This past Sunday in our E91 contemporary worship services, we sang the words, “In Christ alone my hope is found. He is my light, my strength, my song. This cornerstone, this solid ground, firm through the fiercest drought and storm.”
As we are quickly approaching the Tokyo 2020 Olympic Games (yes, they’re still being called the 2020 games), be prepared for a fierce drought and storm. Be prepared for an onslaught of news coverage of protests more than athletic performances. Be prepared to have your family conversations centered more on how our individual tribes and political persuasions trump (no pun intended) our “United” States of America. Be prepared for more people decrying the racial injustices of our nation and others decrying the disrespect of our nation.
My how divided our United States of America seems to be.
In my opinion, both sides have a message to share, but the message is missed due to digging in our heels and manifesting an unwillingness to listen to each other.
Has there been, and does there continue to be, racial injustice in America? Yes. What should we do about it? Eradicate it. How? By the justice of God lived out through the Body of Christ in real action. This is where we administer the justice and truth of God within the systems of education, economics, law, government, media, and business. And let’s try this one, “Love your neighbor as yourself” (Matthew 22:39). And who is your neighbor? How about the person who might not be a part of your political, racial, or socio-economic tribe (Luke 10:25-37)?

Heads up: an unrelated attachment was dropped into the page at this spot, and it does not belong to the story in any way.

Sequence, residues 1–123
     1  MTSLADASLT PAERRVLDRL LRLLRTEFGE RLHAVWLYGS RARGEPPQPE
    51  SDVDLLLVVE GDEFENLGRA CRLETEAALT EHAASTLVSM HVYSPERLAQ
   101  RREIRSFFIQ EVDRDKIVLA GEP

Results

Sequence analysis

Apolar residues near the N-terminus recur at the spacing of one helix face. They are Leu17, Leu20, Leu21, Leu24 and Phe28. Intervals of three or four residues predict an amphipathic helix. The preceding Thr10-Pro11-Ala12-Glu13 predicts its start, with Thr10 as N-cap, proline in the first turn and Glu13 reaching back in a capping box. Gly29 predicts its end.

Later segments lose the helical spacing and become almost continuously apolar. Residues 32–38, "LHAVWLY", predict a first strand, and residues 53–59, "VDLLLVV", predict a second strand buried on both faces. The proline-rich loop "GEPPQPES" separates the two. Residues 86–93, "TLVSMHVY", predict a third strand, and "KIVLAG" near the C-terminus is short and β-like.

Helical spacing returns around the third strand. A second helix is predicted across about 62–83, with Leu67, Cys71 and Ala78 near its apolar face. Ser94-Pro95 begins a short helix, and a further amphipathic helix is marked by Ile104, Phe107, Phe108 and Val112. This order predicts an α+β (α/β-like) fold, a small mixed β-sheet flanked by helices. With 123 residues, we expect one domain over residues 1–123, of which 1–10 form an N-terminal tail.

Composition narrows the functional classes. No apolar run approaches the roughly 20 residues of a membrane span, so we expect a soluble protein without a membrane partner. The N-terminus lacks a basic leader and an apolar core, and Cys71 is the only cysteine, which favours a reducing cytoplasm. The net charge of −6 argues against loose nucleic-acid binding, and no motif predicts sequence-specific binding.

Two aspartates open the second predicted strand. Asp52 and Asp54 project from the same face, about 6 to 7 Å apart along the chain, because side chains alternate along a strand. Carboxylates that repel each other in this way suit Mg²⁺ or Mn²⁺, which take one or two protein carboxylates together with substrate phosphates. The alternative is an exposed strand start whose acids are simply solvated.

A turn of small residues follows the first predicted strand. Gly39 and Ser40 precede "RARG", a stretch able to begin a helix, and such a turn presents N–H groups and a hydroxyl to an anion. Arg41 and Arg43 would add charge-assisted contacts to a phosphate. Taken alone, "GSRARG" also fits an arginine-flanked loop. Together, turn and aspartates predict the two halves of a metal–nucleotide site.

Some of you reading this will say I’m just buying into a political agenda of the left. You’re wrong. God is a just God who calls us to stamp out injustice wherever it may rear its ugly head.
Should we honor and respect the ideals of our United States of America? Most definitely. “One nation under God, indivisible, with liberty and justice for all.” “We are endowed by [our] Creator with certain unalienable Rights, that among these are Life, Liberty and the pursuit of Happiness.” We take it for granted in our nation that, though we have not protected these rights as strongly, forthrightly, and earnestly as we should have for all people at all times, there is a unique quality of our nation’s call for freedom and justice that is rare in our global village.
Believe me, when I have traveled to post-communist countries, even today many of these nation’s residents who have spoken to me have said, “You are so blessed to have the freedoms you possess in America.”
Some of you reading this will say I’m just buying into a political agenda of the right. You’re wrong. God is a God of freedom and justice for all, and He has endowed us with these unalienable rights. The good ol’e U.S. of A. may have gotten (and continue to get) a number of things wrong, but the call to freedom and justice endowed within us as inalienable rights granted by God Himself is not one of them.
So, where do we go from here? We need to put down our swords and beat them into plowshares (Isaiah 2:4). We need to have serious, prayerful, and biblical thought given to how we “do justice, love kindness, and walk humbly with our God” (Micah 6:8). And, most importantly, we need to center our conversations and actions around where I began this blog: “In Christ alone my hope is found. He is my light, my strength, my song.”